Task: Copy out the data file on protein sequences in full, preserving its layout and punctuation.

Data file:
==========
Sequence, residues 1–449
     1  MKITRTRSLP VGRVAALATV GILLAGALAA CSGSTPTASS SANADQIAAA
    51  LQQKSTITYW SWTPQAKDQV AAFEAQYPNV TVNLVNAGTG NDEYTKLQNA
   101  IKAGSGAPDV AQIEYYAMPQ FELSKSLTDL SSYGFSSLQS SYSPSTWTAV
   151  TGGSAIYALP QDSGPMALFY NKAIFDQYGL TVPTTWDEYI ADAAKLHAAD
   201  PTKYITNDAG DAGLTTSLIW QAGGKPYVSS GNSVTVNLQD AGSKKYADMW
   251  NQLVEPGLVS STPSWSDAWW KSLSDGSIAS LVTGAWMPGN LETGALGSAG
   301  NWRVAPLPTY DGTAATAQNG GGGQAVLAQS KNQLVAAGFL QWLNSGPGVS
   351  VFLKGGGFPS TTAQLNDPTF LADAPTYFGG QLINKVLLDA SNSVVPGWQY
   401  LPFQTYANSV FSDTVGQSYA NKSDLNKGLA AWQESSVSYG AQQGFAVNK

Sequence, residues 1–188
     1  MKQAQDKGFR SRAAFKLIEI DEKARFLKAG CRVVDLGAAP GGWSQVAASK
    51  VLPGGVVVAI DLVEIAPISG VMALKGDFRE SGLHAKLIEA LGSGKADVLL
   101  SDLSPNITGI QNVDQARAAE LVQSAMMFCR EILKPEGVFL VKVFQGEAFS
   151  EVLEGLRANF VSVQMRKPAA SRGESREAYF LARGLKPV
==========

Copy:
Sequence, residues 1–449
     1  MKITRTRSLP VGRVAALATV GILLAGALAA CSGSTPTASS SANADQIAAA
    51  LQQKSTITYW SWTPQAKDQV AAFEAQYPNV TVNLVNAGTG NDEYTKLQNA
   101  IKAGSGAPDV AQIEYYAMPQ FELSKSLTDL SSYGFSSLQS SYSPSTWTAV
   151  TGGSAIYALP QDSGPMALFY NKAIFDQYGL TVPTTWDEYI ADAAKLHAAD
   201  PTKYITNDAG DAGLTTSLIW QAGGKPYVSS GNSVTVNLQD AGSKKYADMW
   251  NQLVEPGLVS STPSWSDAWW KSLSDGSIAS LVTGAWMPGN LETGALGSAG
   301  NWRVAPLPTY DGTAATAQNG GGGQAVLAQS KNQLVAAGFL QWLNSGPGVS
   351  VFLKGGGFPS TTAQLNDPTF LADAPTYFGG QLINKVLLDA SNSVVPGWQY
   401  LPFQTYANSV FSDTVGQSYA NKSDLNKGLA AWQESSVSYG AQQGFAVNK

Sequence, residues 1–188
     1  MKQAQDKGFR SRAAFKLIEI DEKARFLKAG CRVVDLGAAP GGWSQVAASK
    51  VLPGGVVVAI DLVEIAPISG VMALKGDFRE SGLHAKLIEA LGSGKADVLL
   101  SDLSPNITGI QNVDQARAAE LVQSAMMFCR EILKPEGVFL VKVFQGEAFS
   151  EVLEGLRANF VSVQMRKPAA SRGESREAYF LARGLKPV